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Kenneth Clarke revealed plans to adopt Lord Justice Jackson's reforms almost to the letter; with a contingent fee system likely to replace conditional fees and the loser pays system.

Confidently predicting that the legal sector will 'adapt', Justice Minister Kenneth Clarke delivered the news we all expected on no win no fee. Was his confidence informed by this story from the Gazette reported one day before?

Over the years personal injury has rarely received such a billing as the media gave it on March 29th with Justice Minister Kenneth Clarke and his number two Jonathan Djanogly hosting a packed press conference to deliver their plans. However, much of what he planned to announce seemed to have leaked, as this report from the Telegraph suggests.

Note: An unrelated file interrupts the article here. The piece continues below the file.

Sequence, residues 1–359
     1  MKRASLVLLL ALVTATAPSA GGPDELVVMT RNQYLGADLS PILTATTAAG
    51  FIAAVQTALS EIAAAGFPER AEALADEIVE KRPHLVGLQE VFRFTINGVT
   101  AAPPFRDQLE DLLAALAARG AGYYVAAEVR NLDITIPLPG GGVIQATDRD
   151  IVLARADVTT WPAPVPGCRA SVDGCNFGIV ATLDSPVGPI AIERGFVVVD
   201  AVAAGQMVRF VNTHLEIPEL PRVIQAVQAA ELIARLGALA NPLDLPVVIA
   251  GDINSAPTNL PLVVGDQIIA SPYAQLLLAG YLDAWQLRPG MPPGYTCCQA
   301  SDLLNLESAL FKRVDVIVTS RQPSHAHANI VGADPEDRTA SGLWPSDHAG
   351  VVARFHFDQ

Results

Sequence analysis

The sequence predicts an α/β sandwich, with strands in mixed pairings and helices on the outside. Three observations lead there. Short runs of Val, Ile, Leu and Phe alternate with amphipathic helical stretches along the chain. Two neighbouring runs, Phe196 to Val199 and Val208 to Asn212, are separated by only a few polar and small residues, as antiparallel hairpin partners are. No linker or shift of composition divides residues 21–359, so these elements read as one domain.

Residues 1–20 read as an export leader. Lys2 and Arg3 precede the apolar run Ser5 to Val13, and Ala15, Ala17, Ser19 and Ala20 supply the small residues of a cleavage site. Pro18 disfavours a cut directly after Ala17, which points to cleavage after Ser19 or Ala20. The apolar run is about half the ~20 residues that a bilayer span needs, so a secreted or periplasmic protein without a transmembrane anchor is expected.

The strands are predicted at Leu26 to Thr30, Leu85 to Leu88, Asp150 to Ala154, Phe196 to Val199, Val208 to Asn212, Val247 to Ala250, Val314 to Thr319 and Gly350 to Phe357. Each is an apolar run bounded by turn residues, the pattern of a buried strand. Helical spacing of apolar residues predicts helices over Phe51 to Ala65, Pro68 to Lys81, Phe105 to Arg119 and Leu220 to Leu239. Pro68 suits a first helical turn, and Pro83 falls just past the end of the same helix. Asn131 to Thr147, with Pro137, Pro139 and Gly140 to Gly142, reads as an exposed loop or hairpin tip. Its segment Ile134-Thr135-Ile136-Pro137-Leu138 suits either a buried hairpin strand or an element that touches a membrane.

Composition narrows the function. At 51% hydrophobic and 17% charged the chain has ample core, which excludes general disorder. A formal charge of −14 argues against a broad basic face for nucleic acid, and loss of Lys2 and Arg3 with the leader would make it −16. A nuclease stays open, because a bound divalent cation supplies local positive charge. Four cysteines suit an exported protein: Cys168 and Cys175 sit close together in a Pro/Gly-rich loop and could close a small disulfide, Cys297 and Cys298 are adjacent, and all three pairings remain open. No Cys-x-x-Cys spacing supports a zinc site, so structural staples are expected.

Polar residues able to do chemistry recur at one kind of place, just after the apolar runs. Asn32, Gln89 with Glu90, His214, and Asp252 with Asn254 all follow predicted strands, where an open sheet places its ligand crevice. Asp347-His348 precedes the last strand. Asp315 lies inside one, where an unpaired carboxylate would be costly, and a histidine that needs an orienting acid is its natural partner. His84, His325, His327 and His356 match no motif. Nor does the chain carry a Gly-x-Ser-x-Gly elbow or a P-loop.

By the end of the Day, Mr Clarke's words had become official and his declarations were made in an editorial for the Daily Mail. Practitioners were largely spared any analysis of the subject in the mainstream press, instead having to flick through Solicitors' Journal, which led on the claim by Djanogly that as much as 90% of all Personal Injury traffic could go through the MOJ Portal, while Legal Week juxtaposed the opposing views of the claimant and defendant side rather bluntly in its roundup story.

There has been a sense that debate prior to the MOJ announcement was rendered largely academic given the government's stance on reform. However a quick read through some back issues unearthed this debate from Total Politics magazine, which is no less fascinating for the breadth of opinion heard from across the table.

There was a single chink in the review's comprehensive sweeping away of the rules which in her editorial, Post Magazine's Lynn Rouse was quick to point out. She explained that despite the insurance industry winning significant concessions on civil justice costs reform, the question about referral fees remains something of a 'buck passing' exercise, having been through the Transport Select Committee and now residing in the hands of the Legal Services Board.